The Cook Islands hopes to transform itself into one of the world's richest countries within a decade by sending robots to the sea floor to collect minerals that it believes are worth tens of billions of dollars.
It may be understandable that a terrestrial primate such as ourselves would pay little attention to a world so foreign, inaccessible, and inhospitable as the deep sea, but with growing threats to the region, it's time we do so.
The increasing price of precious metals has prompted mineral prospectors to consider unusual places, including a renewed interest in deep seabed mining and the emergence of an asteroid mining industry.
After decades of dreaming and scheming, companies say they’re finally ready to start mining the bottom of the world’s oceans for valuable minerals. Christopher Werth reports from London on one company’s plans, how environmental scientists view the prospect of digging up the sea floor, and how Howard Hughes and the CIA helped pave the way.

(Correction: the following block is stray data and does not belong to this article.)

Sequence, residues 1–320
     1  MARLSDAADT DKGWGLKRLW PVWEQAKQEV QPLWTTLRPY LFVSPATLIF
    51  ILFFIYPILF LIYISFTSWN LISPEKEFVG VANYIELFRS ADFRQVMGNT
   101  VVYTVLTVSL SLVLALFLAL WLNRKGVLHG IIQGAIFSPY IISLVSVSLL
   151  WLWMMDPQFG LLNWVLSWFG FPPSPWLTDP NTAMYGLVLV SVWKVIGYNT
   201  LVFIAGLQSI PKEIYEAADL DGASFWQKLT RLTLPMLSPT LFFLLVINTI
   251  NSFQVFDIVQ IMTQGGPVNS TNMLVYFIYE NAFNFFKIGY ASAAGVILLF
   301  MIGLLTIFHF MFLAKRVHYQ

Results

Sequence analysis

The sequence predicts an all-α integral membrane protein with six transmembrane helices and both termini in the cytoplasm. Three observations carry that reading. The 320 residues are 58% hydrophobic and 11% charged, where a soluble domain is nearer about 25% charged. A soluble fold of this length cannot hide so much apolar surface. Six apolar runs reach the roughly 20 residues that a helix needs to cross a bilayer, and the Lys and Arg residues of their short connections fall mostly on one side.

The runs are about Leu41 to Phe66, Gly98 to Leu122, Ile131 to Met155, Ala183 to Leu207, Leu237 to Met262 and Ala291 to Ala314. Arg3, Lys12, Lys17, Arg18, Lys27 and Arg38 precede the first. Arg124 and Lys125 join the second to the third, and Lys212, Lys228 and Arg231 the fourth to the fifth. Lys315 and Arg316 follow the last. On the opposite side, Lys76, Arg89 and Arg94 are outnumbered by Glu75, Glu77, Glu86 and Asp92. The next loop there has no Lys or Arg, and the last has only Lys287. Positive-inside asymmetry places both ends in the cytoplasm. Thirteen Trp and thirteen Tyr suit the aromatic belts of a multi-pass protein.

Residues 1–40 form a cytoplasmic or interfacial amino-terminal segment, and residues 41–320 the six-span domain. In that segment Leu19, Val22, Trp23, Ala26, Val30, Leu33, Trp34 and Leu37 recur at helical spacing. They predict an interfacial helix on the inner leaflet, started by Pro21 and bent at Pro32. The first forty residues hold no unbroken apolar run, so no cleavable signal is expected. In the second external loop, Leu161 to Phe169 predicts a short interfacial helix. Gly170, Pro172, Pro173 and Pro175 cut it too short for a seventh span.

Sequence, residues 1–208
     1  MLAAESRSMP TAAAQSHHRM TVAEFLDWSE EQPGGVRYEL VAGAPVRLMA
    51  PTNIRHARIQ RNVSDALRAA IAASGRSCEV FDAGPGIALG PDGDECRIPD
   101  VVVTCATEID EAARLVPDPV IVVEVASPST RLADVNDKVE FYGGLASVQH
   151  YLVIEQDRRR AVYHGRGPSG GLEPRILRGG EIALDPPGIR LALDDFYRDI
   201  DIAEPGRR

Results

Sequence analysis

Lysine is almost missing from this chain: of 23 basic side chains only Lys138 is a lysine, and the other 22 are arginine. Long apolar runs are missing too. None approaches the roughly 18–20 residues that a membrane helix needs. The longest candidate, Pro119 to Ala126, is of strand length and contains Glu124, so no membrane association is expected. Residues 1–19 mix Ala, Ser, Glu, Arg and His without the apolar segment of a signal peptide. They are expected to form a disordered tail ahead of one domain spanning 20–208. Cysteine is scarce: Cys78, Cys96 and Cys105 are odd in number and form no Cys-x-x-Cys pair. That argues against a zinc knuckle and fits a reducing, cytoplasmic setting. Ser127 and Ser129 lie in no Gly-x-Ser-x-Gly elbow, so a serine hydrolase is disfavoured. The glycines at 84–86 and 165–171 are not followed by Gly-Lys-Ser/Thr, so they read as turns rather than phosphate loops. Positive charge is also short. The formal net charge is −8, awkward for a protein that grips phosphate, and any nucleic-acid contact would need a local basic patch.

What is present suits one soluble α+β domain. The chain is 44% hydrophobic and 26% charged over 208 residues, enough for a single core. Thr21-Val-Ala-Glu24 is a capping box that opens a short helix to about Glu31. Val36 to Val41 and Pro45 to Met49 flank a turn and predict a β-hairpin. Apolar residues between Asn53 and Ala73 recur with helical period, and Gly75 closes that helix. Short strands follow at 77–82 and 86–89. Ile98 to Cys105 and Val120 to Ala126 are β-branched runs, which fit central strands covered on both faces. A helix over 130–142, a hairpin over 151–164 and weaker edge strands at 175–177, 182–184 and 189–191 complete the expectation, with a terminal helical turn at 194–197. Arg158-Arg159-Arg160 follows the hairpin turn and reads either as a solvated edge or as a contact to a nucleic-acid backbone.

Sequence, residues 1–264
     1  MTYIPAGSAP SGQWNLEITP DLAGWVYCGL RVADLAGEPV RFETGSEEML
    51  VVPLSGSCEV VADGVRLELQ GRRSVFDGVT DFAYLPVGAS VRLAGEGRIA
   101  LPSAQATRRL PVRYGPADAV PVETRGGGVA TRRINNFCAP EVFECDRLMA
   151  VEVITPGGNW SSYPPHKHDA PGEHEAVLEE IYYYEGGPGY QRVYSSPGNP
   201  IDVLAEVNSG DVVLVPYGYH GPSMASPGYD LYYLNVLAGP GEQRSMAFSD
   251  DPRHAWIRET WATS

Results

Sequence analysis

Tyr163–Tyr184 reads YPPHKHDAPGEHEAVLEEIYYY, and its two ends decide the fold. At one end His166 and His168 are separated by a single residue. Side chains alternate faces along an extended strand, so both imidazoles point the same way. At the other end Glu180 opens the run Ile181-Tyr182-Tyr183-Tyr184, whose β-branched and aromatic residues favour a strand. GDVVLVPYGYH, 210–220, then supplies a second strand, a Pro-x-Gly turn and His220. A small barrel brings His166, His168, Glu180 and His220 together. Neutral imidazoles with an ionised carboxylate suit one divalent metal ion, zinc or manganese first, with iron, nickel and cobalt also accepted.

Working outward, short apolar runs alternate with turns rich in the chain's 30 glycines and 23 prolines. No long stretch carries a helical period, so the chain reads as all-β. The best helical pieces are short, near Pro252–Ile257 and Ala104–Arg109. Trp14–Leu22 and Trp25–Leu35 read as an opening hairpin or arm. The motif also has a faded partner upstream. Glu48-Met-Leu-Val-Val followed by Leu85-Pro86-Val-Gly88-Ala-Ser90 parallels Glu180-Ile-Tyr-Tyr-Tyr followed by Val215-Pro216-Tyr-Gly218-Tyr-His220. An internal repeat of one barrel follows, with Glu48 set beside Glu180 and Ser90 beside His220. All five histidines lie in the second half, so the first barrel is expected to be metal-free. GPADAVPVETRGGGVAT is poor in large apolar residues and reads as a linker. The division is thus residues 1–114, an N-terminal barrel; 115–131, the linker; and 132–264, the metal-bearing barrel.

The prospect of a deep sea "gold rush" opening a controversial new frontier for mining on the ocean floor has moved a step closer. The United Nations has published its first plan for managing the extraction of so-called "nodules" - small mineral-rich rocks - from the seabed.
Top Pentagon contractor Lockheed Martin is adapting many of the technologies it developed for the government to commercial ventures at sea, including the external fuel-tank technology used on the Space Shuttle.
Minerals, such as rare earth metals, are increasingly becoming an important commodity in a resource-constrained world economy. As a result new frontiers both onshore and offshore, to the depths of the ocean, are emerging around the world.
Mining's next frontier is proving tricky to navigate. Last week a British company became the latest firm to announce its intention to mine the seabed. However, it is still unclear how deep-sea mining will affect the oceans.